Akrotiri (village)

View of Akrotiri (village) 03.jpg
Akrotiri is located in Cyprus
Location in Cyprus
Coordinates: 34°36′3″N 32°57′18″E / 34.60083°N 32.95500°E / 34.60083; 32.95500Coordinates: 34°36′3″N 32°57′18″E / 34.60083°N 32.95500°E / 34.60083; 32.95500
Country United Kingdom
British Overseas TerritoryAkrotiri and Dhekelia
 • Total684
Time zoneUTC+2 (EET)
 • Summer (DST)UTC+3 (EEST)

Akrotiri (Greek: Ακρωτήρι, literally Cape, Turkish: Ağrotur) is a village within the Akrotiri Sovereign Base Area, which forms part of the British Overseas Territory of Akrotiri and Dhekelia. It is the only village in the Western SBA with a significant non-military population.

The village contains two small churches dedicated to St. Cross and St. George. To the south is a site called Kourion (Greek: Κούριον) containing the ruins of an ancient settlement.[2] Of the place Stefano Lusignan in his Description de toute l'isle de Cypre (Paris, 1580) says: "Cury est une ville antique, située au milieu du Promontoire des chats."[3] ("Kouria is an ancient town situated in the middle of the Headland of Cats.")


When the Sovereign Base Area was created, those living in Akrotiri were paid to allow them to move elsewhere. However, villagers argued that while the compensation assessed their housing, it did not account for their fields, and thus they were unable to move. In the end, the village remained in place, despite being located at the end of a runway.[4]

Living in Akrotiri is restricted to those with local ties. While the village lies within the legal jurisdiction of the Sovereign Base Areas, the base administration is obliged by treaty to ensure that laws applying to the civilian population mirror closely the laws of the Republic of Cyprus. One area of difference is in land use restrictions, with many areas of the base having strict planning and zoning regulations. The village has its own elected representatives, who maintain relations with the base administration.[4]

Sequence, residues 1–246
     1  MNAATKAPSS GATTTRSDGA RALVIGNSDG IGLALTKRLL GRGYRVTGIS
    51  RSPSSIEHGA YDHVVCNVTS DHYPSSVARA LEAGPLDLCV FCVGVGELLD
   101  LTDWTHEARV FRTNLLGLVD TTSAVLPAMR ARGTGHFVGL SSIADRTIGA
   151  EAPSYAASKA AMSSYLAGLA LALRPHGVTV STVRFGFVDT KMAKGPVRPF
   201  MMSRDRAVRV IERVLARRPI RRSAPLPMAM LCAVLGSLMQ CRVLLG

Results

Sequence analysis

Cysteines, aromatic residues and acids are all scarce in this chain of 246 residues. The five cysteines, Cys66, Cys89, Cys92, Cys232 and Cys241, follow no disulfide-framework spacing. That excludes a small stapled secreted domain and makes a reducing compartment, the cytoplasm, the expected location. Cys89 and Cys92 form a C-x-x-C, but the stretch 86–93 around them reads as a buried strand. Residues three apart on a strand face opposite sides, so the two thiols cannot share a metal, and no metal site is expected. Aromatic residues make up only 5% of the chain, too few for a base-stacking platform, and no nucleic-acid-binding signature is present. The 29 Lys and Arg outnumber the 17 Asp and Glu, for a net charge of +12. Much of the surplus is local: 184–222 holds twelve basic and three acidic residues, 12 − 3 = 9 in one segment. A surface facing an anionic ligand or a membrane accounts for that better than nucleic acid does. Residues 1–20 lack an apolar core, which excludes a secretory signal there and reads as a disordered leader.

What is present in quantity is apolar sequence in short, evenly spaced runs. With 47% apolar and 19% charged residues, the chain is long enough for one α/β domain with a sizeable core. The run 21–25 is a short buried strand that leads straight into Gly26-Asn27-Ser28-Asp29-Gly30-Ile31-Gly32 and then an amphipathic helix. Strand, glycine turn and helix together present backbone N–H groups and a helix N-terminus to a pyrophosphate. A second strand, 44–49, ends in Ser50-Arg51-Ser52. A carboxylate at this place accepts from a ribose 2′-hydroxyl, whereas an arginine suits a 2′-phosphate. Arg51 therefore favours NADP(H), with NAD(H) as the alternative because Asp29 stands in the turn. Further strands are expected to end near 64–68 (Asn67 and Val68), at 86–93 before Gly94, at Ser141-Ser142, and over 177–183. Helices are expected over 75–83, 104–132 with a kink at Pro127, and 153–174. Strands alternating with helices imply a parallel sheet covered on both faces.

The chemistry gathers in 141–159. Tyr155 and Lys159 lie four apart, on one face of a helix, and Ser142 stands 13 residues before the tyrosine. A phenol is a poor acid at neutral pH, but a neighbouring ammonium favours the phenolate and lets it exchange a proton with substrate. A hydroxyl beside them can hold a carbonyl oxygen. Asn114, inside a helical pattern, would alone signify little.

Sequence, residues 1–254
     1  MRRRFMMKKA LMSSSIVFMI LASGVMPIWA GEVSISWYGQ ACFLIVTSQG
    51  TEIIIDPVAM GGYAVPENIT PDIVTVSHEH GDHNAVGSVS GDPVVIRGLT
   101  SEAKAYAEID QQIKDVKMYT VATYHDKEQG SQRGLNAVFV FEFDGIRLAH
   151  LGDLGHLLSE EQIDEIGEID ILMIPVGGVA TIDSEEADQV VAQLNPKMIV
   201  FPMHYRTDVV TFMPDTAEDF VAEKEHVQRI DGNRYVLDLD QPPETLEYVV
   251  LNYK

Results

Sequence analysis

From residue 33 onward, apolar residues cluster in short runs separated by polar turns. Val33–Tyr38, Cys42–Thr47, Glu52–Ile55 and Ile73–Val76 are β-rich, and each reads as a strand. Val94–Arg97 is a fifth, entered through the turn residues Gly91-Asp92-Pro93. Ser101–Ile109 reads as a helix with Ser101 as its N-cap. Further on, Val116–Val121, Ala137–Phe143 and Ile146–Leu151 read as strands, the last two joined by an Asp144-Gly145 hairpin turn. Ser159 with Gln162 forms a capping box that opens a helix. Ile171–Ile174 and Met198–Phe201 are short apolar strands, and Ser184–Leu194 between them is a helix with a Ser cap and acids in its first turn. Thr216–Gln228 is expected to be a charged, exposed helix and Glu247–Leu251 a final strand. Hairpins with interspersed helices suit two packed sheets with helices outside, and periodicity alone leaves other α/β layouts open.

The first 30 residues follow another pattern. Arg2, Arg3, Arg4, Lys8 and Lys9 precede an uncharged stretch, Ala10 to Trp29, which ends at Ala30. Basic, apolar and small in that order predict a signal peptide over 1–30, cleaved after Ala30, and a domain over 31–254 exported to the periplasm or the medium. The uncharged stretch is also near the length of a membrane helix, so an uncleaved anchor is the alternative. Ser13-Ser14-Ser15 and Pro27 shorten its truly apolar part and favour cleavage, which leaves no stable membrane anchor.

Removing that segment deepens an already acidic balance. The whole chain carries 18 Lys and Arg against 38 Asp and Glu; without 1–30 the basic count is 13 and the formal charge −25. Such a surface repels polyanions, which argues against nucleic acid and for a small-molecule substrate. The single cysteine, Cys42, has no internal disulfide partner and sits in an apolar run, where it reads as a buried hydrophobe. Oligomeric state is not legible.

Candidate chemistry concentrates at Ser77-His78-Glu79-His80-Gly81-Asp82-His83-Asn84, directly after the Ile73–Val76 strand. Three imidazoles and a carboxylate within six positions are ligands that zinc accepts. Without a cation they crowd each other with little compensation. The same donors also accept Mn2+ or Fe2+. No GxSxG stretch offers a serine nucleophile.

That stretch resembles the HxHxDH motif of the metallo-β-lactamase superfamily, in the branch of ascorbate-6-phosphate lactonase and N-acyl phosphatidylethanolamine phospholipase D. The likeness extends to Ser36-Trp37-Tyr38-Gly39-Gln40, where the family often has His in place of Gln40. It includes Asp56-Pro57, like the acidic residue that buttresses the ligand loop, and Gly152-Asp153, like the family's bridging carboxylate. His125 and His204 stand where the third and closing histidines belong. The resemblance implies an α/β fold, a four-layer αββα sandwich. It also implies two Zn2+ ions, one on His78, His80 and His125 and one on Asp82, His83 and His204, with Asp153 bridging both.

Holy Monastery of St Nicholas of the Cats

Two kilometres east of the village—in the middle of fields and orchards—is the ancient monastery of Saint Nicholas of the Cats (Άγιος Νικόλαος των Γατών).

Early history

The monastery is mentioned by travellers in the fifteenth century, but the fullest account is given by Felix Fabri, a Dominican who visited Cyprus in 1480 and 1483. He mentions Saint Nicholas as an isolated monastery "surrounded by serpents" where the monks kept cats to protect themselves.[5] Writing about a century later in the sixteenth century, Stefano Lusignan reports a tradition that associated the first establishment of this monastery to Saint Helena who, on her visit to Cyprus, found it infested with poisonous snakes. Hundreds of cats from Egypt or Palestine were imported to the place where her ship had landed, the Akrotiri peninsula. Kalokeros, then appointed as governor, is said to have founded the monastery and the cats attached themselves to the establishment thereafter.[6]

Architectural remains

Saint Nicholas of the Cats, 2017

Parts of the current church date to the Lusignan period, notably the door with a moulded arch on the north side of building. The marble lintel is carved with a cross in the centre and two shields on each side. One has a rampant lion of the usual Lusignan variety, while the others are probably personal and episcopal in nature.[7] Since the restoration and repair of the church, a contemporary mosaic of Saint Nicholas has been inserted in the tympanum above the lintel, and a portico added across the entire north side of the church.